# Is there any built-in way to convert an integer to a string (of any base) in C#?

Convert.ToString() only allows base values of 2, 8, 10, and 16 for some odd reason; is there some obscure way of providing any base between 2 and 16?

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Probably to eliminate someone typing a 7 instead of an 8, since the uses for arbitrary bases are few (But not non-existent).

Here is an example method that can do arbitrary base conversions. You can use it if you like, no restrictions.

``````string ConvertToBase(int value, int toBase)
{
if (toBase < 2 || toBase > 36) throw new ArgumentException("toBase");
if (value < 0) throw new ArgumentException("value");

if (value == 0) return "0"; //0 would skip while loop

string AlphaCodes = "0123456789ABCDEFGHIJKLMNOPQRSTUVWXYZ";

string retVal = "";

while (value > 0)
{
retVal = AlphaCodes[value % toBase] + retVal;
value /= toBase;
}

return retVal;
}
``````

Untested, but you should be able to figure it out from here.

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Two's complement is a red herring. Negative values can be printed in any base, as long as the output string is allowed to start with `-` – Ben Voigt Apr 11 '14 at 21:48
@BenVoigt: Removed it – Guvante Apr 14 '14 at 2:23

You could try the following:

http://www.dotnetspider.com/resources/938-Conversion-Decimal-number-any-Base-vice.aspx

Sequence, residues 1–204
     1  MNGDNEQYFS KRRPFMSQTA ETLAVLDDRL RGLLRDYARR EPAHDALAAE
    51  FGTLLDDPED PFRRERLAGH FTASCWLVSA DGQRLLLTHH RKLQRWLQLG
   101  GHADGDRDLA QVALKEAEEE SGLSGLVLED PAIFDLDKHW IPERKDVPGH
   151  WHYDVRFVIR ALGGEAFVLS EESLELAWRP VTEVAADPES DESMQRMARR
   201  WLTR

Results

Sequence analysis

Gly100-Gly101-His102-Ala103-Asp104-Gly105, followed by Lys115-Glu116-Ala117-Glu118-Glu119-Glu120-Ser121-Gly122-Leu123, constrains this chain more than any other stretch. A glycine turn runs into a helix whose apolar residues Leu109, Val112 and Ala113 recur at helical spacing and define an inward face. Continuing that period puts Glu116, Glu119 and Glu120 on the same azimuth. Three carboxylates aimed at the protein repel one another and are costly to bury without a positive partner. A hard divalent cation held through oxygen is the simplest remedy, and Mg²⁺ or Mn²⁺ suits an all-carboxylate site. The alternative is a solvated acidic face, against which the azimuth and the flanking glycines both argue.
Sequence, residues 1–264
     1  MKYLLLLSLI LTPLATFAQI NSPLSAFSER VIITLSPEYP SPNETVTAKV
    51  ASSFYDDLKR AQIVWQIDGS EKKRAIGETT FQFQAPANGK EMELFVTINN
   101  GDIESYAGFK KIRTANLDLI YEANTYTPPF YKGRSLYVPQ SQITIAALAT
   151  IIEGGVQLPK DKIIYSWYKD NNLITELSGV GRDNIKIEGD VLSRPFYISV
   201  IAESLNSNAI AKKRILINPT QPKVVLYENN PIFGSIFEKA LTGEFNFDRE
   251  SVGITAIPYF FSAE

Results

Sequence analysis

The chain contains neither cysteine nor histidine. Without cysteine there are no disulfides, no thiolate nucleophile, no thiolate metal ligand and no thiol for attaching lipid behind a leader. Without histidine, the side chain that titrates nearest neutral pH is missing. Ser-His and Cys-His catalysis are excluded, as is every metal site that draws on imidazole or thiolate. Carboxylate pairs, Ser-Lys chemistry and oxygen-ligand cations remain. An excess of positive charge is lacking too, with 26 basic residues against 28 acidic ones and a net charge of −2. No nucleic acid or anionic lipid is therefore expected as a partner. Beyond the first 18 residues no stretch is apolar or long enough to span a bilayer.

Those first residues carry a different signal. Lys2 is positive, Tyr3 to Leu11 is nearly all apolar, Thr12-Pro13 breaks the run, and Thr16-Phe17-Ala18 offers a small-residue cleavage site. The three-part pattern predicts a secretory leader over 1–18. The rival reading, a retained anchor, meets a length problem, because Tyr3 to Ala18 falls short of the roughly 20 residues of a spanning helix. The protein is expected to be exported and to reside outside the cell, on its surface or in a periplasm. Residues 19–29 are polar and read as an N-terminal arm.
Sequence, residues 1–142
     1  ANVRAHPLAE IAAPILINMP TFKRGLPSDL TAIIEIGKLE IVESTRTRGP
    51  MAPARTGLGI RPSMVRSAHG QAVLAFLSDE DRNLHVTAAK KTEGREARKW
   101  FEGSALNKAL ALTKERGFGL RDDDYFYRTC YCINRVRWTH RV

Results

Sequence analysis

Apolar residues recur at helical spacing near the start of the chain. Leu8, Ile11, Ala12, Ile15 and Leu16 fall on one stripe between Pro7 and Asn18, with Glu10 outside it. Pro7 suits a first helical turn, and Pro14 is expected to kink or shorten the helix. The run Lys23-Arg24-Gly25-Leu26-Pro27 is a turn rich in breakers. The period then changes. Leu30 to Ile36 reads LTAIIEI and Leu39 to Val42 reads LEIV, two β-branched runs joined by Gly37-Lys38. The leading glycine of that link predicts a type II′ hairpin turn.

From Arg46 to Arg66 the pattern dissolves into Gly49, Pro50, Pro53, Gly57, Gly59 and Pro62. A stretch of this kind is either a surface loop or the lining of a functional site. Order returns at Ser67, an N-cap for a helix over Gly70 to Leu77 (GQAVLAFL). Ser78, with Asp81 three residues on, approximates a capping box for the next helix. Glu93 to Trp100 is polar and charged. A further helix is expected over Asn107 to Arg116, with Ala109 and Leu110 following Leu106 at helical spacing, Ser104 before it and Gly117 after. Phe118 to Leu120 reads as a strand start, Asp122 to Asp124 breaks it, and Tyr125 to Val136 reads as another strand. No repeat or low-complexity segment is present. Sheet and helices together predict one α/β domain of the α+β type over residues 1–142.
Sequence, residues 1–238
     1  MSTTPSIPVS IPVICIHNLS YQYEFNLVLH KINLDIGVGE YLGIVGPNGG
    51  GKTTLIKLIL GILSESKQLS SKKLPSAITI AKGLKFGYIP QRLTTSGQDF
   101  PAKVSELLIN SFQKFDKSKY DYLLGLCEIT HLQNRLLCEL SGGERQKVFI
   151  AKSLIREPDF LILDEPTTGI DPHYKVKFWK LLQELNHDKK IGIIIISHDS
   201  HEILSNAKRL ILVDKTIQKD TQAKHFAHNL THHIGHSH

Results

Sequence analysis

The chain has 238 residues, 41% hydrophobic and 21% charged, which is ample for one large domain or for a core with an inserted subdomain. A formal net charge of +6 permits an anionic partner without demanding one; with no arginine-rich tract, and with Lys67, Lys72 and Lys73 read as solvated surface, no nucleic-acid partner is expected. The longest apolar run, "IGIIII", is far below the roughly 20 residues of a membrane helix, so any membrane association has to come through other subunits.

This at least gives the impression that you could have any base (from 2->16). Although Im a little confused as to why you would want to !

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``````//untested  -- public domain
// if you do a lot of conversions, using StringBuilder will be
// much, much more efficient with memory and time than using string
// alone.

string toStringWithBase(int number, int base)
{
if(0==number) //handle corner case
return "0";
if(base < 2)
return "ERROR:  Base less than 2";

StringBuilder buffer = new StringBuilder();

bool negative = (number < 0) ? true : false;
if(negative)
{
number=-number;
buffer.Append('-');
}

int digits=0;
int factor=1;

int runningTotal=number;
while(number > 0)
{
number = number/base;
digits++;
factor*=base;
}
factor = factor/base;

while(factor >= 1)
{
int remainder = (number/factor) % base;

Char out = '0'+remainder;
if(remainder > 9)
out = 'A' + remainder - 10;
buffer.Append(out);
factor = factor/base;
}

return buffer.ToString
}
``````
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Sorry, I'm not answering your question but... The choice of bases is not arbitary. You pc is constantly converting from base 2 (it's internal binary system) to the human readable base 10. Base 8 and 16 are very easy to convert to and from base 2 and are often used so a computer AND a human can read the value (e.g. GUIDs)

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``````string foo = Convert.ToString(myint,base);
``````

http://msdn.microsoft.com/en-us/library/14kwkz77.aspx

EDIT: My bad, this will throw an argument exception unless you pass in the specified bases (2, 8, 10, and 16)

Your probably SOL if you want to use a different base (but why???).

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That method only supports 2, 8, 10, or 16. – Abe Heidebrecht Sep 18 '08 at 18:12
I think you may have missed something important in the original question! – Steve Morgan Sep 18 '08 at 18:13
This is what happens with the reputation-rush of Stackoverflow, the question is clear enough!! – Román Aug 11 '09 at 18:51